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AUSM scheme: its application to a realistic combustor configuration, the Energy Efficient Engine

  • K. MikiEmail author
  • J. Moder
  • M.-S. Liou
Original Article
  • 36 Downloads

Abstract

Highlights of work inspired by Liou and performed in the last few years with the ultimate goal of simulating combustor–turbine interactions are presented. First, we have updated the Open National Combustion Code (OpenNCC) by implementing the advection upstream splitting method (AUSM) and the extended version of the AUSM-family scheme (AUSM\(^+\)-up) and then performed a series of verification tests. The AUSM\(^+\)-up scheme and the standard Jameson–Schmidt–Turkel scheme are compared in terms of accuracy and convergence. Next, the second-order AUSM\(^+\)-up scheme is applied to model unsteady flow fields inside a combustor sector from the Energy Efficient Engine (\({\hbox {E}}^3\)) program, in conjunction with a sensitivity analysis of turbulent combustion models. Three different turbulent combustion models are considered: the eddy break-up model, the linear eddy model, and the probability density function model, as well as the laminar finite-rate chemistry model. A comprehensive comparison of the flow fields and the flame structures is provided. Our main interest here is not to select the best model out of four different models with lack of data under the exact same conditions, but to understand how different turbulent combustion models impact thermal variation along the surface of first-stage vanes (i.e., hot streaks). Considering that these models are often used in combustor/turbine communities, the intent of this study is to provide some guidelines on numerical modeling of combustor–turbine interactions and, thus, help improve future designs of the combustor and high-pressure turbine.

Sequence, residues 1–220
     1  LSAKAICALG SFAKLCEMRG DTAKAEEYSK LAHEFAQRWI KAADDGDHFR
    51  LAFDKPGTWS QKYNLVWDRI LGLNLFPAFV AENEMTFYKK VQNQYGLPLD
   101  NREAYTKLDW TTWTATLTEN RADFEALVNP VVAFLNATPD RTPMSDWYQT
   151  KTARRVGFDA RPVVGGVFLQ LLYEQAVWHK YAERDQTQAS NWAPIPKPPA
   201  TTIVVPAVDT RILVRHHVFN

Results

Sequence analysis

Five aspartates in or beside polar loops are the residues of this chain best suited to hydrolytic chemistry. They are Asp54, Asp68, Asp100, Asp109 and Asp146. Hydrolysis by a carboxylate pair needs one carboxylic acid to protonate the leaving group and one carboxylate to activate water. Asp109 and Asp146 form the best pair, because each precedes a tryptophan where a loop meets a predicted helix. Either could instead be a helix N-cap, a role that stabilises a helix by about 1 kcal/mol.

Keywords

Advection upstream splitting method (AUSM) Combustor–turbine interaction Hot streaks 

Notes

Acknowledgements

This work was sponsored by the National Aeronautics and Space Administration’s Transformational Tools and Technologies project. The authors would like to thank Christopher Heath, Thomas Wey, Tsan-Hsing Shih, Clarence Chang, Manthena S. Raju, Paul Giel, and Kumud Ajmani for their assistance in preparing and running the simulations. The simulations were conducted on the NASA Advanced Supercomputing (NAS) Pleiades computer cluster. Grid generation was conducted with Cubit (provided by the Sandia National Laboratories), and flow visualization was conducted with Visit (provided by the Lawrence Livermore National Laboratory).

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Copyright information

© Springer-Verlag GmbH Germany, part of Springer Nature 2019

Authors and Affiliations

  1. 1.NASA Glenn Research CenterClevelandUSA

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